February is National Heart Month. If you're a man, chances are you've heard about the risk of heart disease and if you're over 50 you're watching out for any signs of heart trouble. But women need to listen up because since 1984 more women have died from heart attacks than men. That's because many women just don't realize they're at risk. Today, cardiovascular disease remains the number one killer of American women. Among women ages 35 to 70, 81 percent are at risk of a heart attack but only 25 percent are aware of it.
Even First Lady Laura Bush is doing her part to educate women about preventing heart disease in a new campaign called Heart Truth. "One of the reasons that women, that more women than men die of heart disease, is that women don' really know what the symptoms of a heart attack are, and because they think of heart disease as a man's disease, they don't go straight to the emergency room, if they are suffering any symptoms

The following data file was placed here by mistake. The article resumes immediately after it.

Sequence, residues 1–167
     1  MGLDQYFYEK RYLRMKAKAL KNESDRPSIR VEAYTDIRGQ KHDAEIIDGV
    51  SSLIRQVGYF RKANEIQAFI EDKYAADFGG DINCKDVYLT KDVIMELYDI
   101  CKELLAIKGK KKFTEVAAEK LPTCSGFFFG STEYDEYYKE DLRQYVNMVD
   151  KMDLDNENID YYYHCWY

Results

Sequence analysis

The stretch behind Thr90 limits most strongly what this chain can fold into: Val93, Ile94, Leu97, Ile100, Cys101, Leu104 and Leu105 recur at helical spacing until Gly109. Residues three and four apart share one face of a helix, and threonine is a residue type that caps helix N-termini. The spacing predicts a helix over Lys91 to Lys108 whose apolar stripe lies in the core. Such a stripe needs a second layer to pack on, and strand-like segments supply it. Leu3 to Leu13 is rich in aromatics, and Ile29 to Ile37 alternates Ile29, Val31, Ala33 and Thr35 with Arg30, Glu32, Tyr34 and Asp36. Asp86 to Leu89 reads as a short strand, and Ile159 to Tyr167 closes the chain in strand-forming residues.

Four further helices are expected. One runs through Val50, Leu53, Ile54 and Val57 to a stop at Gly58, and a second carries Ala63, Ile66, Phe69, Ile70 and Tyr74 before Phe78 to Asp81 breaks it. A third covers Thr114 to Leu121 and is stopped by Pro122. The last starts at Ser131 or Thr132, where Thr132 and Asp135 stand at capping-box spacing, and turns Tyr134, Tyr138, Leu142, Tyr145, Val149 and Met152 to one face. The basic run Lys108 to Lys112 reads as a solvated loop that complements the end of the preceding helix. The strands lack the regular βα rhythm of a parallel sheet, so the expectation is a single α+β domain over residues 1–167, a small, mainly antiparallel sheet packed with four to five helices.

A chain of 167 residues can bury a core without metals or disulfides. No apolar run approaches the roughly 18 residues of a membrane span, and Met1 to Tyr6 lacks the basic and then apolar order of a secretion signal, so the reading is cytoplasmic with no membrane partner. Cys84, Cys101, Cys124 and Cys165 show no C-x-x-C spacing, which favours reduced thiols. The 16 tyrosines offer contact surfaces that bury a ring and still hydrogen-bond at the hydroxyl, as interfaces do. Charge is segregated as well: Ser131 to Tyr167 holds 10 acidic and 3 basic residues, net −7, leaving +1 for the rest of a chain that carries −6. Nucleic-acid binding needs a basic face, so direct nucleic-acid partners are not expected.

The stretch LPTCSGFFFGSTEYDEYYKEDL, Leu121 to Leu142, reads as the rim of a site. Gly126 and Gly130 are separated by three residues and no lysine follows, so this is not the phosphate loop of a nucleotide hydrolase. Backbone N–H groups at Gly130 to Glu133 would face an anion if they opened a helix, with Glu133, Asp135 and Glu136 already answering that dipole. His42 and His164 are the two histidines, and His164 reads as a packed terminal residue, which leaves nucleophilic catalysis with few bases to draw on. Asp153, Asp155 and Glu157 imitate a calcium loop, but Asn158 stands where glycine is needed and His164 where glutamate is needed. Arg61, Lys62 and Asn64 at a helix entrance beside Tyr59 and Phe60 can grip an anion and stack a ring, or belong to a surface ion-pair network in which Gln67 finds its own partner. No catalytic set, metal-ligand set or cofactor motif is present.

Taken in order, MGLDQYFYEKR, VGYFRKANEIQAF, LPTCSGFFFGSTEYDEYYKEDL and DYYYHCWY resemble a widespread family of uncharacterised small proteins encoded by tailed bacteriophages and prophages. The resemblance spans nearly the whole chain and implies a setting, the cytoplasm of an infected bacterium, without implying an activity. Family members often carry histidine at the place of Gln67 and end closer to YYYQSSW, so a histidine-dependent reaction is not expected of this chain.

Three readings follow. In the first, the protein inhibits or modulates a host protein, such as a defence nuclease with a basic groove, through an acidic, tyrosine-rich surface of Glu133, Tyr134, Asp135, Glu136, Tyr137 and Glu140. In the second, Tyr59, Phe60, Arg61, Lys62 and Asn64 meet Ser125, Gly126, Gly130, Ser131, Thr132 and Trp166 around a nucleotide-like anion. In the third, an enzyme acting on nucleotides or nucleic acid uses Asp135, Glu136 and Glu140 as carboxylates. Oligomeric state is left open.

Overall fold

For women, early symptoms can be different from men and include:
+ Discomfort in the chest that lasts for more than a few minutes or that goes away and comes back
+ Pain or discomfort in one or both arm, back, neck, jaw or stomach
+ Shortness of breath
+Nausea or lightheadedness
Five hundred thousand women die from heart disease each year, more than from all forms of cancer combined. Today, cardiovascular disease remains the number one killer of American women.